How much was the Quaife, if you don't mind my asking? They're pretty expensive for the Clio and seeing how it's value has dropped quite substantially in the last few months I'm averse to spending unnecessary money on it.
The mechanic has started looking at the car and I?m informed the front underside of my car is in many bits. Issues have been identified:
? Clutch slave cylinder is leaky as result of corrosion from water in the fluid
? Drive shaft boot has split
? Front ARB bushes are shagged
Everything should be fitted and installed by tomorrow.
Oh, so nice. I almost regret buying my VXR when I was dead set on one of these for so long...
That being said, depending where in Vic you are - I can recommend a mechanic if you ever need one. Family business, Alfa, Fiat, Lanica etc mechanics with diagnostics equipment.
It's only been a few days and I haven't had the chance to properly drive the GTA since it returned from the mechanic on Tuesday, but it feels markedly different to drive.
For one thing, it feels a lot more planted. Whether that's the differential working or the ARB bushes letting the suspension work properly, there's also a lot less racket and noise when travelling over bumpy or undulating road surfaces (tram tracks). The clutch is also a great deal softer and easier to depress. I hadn't realised just had hard the clutch was becoming as it steadily wore out. I had a look at the surface of the old clutch and there was less than a millimetre of material left before the bolts of the plate would start impinging on the fly wheel. Speaking of which, that was machined smooth, so the car no longer judders as I slip the clutch.
The clutch take-up point has changed and the take-up is a lot more progressive as well, so I'm getting used to that. There is still a clicking noise when I depress the clutch, but the mechanic was pretty adamant that it's nothing to worry about.
The Quaife ATB differential is pretty amazing. I can give the car full throttle at any steering angle and it'll drag the car out of corners. It'll still pushes (pulls?) wide, but both wheels will spin up at the same time and the steering wheel won't tug violently. It's a lot of fun and a lot better than spinning away power on the inside wheel, ploughing wide through the corner.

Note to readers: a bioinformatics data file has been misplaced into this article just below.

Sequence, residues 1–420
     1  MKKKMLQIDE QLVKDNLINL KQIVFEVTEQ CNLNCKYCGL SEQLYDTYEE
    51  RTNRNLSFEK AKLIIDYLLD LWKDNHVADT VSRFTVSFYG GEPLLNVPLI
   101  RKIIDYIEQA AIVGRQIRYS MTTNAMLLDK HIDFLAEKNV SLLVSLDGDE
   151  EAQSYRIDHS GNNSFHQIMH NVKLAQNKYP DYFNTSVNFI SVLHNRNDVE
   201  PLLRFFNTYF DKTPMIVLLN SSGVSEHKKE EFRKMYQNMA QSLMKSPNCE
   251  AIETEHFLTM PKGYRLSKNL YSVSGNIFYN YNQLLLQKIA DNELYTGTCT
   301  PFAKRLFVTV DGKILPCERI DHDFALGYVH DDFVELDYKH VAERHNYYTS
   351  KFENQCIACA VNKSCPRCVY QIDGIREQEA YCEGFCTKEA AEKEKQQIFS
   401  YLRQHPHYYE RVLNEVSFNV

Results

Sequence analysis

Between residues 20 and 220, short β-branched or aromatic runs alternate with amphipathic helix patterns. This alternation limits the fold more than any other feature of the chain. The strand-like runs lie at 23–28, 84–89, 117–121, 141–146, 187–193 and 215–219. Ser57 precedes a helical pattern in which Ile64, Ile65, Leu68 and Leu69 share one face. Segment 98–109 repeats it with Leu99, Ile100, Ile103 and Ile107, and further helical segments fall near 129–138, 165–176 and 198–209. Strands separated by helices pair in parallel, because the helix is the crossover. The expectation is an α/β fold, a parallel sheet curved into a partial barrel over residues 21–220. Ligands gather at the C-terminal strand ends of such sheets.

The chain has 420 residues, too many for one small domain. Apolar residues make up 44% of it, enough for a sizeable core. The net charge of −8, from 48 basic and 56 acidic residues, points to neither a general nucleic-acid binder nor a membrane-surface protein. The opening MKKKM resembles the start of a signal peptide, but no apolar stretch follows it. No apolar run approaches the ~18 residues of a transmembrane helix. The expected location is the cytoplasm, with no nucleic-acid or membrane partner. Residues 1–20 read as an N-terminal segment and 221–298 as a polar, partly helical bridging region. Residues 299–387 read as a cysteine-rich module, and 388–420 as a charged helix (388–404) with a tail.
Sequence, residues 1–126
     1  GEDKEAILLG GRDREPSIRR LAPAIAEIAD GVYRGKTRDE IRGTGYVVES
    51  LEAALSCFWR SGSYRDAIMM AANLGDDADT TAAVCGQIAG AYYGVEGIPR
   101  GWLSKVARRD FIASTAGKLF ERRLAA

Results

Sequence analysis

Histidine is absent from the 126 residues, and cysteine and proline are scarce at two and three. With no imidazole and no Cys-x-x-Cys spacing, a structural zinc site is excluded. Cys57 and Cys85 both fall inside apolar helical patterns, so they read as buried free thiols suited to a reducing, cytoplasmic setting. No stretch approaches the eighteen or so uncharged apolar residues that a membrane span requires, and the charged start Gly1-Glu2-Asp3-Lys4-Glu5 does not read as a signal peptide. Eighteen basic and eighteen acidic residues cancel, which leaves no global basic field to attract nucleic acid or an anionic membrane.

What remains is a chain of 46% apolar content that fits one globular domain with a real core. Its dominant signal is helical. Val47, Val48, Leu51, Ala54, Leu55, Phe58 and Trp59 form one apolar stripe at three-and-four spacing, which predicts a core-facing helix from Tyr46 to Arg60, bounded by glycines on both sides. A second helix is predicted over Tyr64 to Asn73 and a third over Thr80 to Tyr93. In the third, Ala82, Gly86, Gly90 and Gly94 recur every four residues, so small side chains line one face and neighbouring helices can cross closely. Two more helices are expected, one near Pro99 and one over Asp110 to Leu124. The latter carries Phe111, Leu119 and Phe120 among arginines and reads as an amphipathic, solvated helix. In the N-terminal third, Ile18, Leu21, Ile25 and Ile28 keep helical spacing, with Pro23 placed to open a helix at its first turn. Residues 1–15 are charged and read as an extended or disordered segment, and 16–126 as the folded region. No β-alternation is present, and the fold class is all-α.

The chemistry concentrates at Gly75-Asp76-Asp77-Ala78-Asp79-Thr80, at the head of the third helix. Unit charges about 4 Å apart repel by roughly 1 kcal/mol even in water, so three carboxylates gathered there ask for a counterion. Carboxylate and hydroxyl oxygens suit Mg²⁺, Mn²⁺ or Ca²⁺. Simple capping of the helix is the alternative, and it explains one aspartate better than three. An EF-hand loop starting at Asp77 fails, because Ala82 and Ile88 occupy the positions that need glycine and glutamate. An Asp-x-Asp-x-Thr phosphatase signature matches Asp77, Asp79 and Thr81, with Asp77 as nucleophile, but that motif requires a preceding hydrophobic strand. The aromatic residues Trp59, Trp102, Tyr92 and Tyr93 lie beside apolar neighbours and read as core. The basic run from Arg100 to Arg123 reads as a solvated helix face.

I've been babying the throttle for the last month as I've heard plenty of stories of the standard differential exploding under a lot of load and have been loathe to have my gearbox explode. Since I've been pretty scared to apply the throttle liberally, it's a lot better to be pretty care free in giving the car full throttle. I seem to get between places a lot faster now (in the last two days).
I also got a new radiator as the old one was pretty gummed up and coolant came out looking toxic with gunk in it. The system was flushed and now the car seems to run a bit cooler, though I really can't tell since I've been driving the car pretty hard. It helps when you leave for work at 630am and don't return home until after 11 - traffic is non-existent.
The mysterious MOTOR CONTROL SYSTEM FAILURE cause was undetected and no error codes returned after they were cleared, so it fixed itself again? (More likely dried out.)
I have to compliment this independent mechanic. I was informed that it would likely take until end of Wednesday to finish the job on Tuesday lunchtime, which was fine with me. However, the mechanic worked late and delivered the car to me at around 830pm on the Tuesday. I arrived a little early at 8pm and was immensely pleased to see the level of attention paid to putting things back together and checking the car for completeness.
This was the first time I looked underneath the GTA, so here's a shot of it's less than pretty underbelly. I was surprised to see a pair of catalytic converters, one for each cylinder bank.
Finally, here's a link to the high resolution files of the above photos, as was requested.